• Supporting the Royal Navy & Royal Marines Charity - Press Release

    NavyBooks celebrates website re-launch with charitable pledge


    Our new-look website, which hosts hundreds of naval titles and thousands of books, ranging from amateur-penned memoirs to established thought-leaders in naval history, warships and maritime warfare, is to donate 1% of all revenue to The Royal Navy and Royal Marines Charity (RNRMC) as its 2016 Charity of the Year.

    New NavyBooks owner and Managing Director, Ian Whitehouse, is a former submariner who served with the Second Submarine Squadron in Plymouth and now lives in North Cornwall.

    He says that the RNRMC was an obvious candidate to support because of his personal links to the Royal Navy. NavyBooks’ main customers typically also have close links to, and support for, the Royal Navy.  With the launch of the new website, and understanding our customers’ passion for the subject, we thought it was a good time to partner with The Royal Navy and Royal Marines Charity, especially considering their support for the veteran community.”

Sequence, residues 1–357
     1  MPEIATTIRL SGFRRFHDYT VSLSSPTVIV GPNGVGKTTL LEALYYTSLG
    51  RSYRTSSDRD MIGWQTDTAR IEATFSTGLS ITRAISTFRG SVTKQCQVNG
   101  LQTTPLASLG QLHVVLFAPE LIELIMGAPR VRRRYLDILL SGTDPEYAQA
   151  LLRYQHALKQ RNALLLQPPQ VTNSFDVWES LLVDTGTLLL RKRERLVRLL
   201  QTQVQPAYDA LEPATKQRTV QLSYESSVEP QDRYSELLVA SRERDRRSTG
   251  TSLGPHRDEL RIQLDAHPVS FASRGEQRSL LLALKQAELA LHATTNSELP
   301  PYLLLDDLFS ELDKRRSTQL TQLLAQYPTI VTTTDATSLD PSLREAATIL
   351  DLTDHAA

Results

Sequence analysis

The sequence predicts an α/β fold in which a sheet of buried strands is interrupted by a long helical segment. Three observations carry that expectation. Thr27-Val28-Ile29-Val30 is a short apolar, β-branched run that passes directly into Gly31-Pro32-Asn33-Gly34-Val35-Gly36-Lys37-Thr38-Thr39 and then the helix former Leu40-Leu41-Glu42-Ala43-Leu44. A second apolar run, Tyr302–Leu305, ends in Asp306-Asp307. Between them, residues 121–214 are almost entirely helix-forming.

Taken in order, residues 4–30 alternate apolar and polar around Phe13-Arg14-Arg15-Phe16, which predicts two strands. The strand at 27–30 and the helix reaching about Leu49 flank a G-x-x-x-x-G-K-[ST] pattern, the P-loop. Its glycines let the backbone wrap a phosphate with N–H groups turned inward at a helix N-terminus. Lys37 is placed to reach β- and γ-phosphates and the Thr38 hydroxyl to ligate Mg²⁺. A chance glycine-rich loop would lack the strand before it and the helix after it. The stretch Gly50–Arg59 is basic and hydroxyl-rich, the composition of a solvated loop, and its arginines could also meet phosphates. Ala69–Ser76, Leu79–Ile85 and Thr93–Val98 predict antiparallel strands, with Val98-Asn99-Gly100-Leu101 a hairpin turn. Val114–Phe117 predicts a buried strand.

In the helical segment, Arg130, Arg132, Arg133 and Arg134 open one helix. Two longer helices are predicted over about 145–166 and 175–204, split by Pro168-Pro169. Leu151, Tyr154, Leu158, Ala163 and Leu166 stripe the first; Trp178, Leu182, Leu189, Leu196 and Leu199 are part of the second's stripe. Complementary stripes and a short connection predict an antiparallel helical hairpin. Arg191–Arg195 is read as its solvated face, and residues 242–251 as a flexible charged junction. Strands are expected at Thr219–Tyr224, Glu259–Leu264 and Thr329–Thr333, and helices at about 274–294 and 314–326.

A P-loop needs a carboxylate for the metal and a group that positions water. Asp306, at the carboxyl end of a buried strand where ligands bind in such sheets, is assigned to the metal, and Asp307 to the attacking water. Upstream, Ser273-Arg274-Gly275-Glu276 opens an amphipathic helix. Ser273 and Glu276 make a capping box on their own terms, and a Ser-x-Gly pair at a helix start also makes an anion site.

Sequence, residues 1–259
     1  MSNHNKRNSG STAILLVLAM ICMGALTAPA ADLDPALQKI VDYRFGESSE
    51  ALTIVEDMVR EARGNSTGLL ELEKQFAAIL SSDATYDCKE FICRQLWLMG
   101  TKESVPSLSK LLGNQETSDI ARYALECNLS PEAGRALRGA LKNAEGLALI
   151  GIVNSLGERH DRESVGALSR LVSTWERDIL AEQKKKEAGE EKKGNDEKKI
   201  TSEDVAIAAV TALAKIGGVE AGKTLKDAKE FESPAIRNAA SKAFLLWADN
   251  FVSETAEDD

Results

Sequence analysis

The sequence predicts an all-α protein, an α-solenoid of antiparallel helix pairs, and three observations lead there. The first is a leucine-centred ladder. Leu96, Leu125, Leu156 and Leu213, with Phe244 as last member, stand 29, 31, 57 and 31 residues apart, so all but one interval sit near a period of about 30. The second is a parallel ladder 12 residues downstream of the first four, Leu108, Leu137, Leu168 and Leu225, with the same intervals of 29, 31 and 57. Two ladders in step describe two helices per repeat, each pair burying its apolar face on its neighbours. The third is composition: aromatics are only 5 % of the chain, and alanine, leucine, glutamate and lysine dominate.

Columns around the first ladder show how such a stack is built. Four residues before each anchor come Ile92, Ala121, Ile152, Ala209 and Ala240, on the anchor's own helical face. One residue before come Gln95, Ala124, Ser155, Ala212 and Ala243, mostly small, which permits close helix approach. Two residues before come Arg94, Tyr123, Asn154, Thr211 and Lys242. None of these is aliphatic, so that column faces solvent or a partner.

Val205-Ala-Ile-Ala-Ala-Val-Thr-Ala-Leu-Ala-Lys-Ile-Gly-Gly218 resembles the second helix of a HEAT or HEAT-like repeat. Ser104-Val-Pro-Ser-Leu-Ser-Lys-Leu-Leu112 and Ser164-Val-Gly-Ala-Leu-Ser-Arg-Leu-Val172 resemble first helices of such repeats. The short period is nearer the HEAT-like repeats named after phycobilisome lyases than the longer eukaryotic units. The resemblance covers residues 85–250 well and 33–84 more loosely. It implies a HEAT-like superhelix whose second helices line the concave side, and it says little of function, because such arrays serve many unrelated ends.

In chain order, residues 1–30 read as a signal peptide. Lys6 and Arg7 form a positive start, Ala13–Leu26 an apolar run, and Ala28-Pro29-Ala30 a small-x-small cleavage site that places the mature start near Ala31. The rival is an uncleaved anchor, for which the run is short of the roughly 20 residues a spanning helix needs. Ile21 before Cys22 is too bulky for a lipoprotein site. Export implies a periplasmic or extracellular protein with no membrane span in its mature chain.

Steve Bush, NavyBooks editor, is also a Royal Navy veteran. A communications technician he joined the Royal Navy, at HMS Raleigh, Torpoint, in 1978. On leaving the Royal Navy in 2000 he joined Maritime Books, and edits the business’ flagship magazines, such as ‘Warship World’ and ‘Warship World Pictorial’, while also writing books and supporting the venture’s authors and contributors.